Almond Valley Viaduct

(Ratho Viaduct)

Known locally as "the arches", this remarkable A-listed viaduct conveys the mainline railway on a sweeping curve over the River Almond, between Broxburn and Newbridge, forming the boundary between the City of Edinburgh and West Lothian for much of its great length. The Almond Valley Viaduct (sometimes referred to as the Ratho Viaduct) is the longest structure on the Edinburgh-Glasgow railway and comprises two parts separated by a quarter-mile (0.4-km) long embankment. Built 1839-41 at a cost of £130,000 by John Gibb and Son of Aberdeen, it opened with the railway on 18th February 1842.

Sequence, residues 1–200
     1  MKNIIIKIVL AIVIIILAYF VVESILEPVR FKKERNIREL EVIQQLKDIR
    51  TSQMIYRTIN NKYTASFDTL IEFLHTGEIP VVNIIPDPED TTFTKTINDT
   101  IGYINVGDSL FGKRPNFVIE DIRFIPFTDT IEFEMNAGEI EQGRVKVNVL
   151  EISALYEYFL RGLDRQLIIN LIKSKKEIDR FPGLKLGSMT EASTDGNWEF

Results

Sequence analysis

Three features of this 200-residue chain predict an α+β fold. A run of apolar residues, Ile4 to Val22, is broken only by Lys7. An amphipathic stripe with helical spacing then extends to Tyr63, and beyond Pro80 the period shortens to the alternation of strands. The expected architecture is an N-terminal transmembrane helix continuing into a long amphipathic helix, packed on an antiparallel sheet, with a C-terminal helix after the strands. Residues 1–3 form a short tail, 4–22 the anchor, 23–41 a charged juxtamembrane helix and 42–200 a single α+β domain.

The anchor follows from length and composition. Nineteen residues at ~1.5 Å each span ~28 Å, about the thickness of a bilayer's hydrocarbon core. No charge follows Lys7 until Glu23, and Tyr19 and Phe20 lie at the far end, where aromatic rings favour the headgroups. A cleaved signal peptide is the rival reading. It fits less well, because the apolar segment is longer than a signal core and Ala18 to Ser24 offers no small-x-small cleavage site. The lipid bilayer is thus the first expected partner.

The massive eastern section strides confidently across the river and its floodplain, comprising thirty-six segmental masonry arches each with a span of 15.2m (50 feet). The western section is just seven arches, six of 15.2m (50 feet) and one central arch of 20.1m (66 feet) which spans the A898 Edinburgh-Bathgate road. This section has been badly affected by the mining of oil-shale beneath and the masonry piers have been re-inforced with brick.

In 1988 steel bands (old rails) were installed around the piers and arches allowing the structure to cope with the stresses brought about by trains crossing at increased speed.

Use the tabs on the right of this page to see other parts of this entry arrow

If you have found this information useful please consider making
a donation to help maintain and improve this resource. More info...

By using our site you agree to accept cookies, which help us serve you better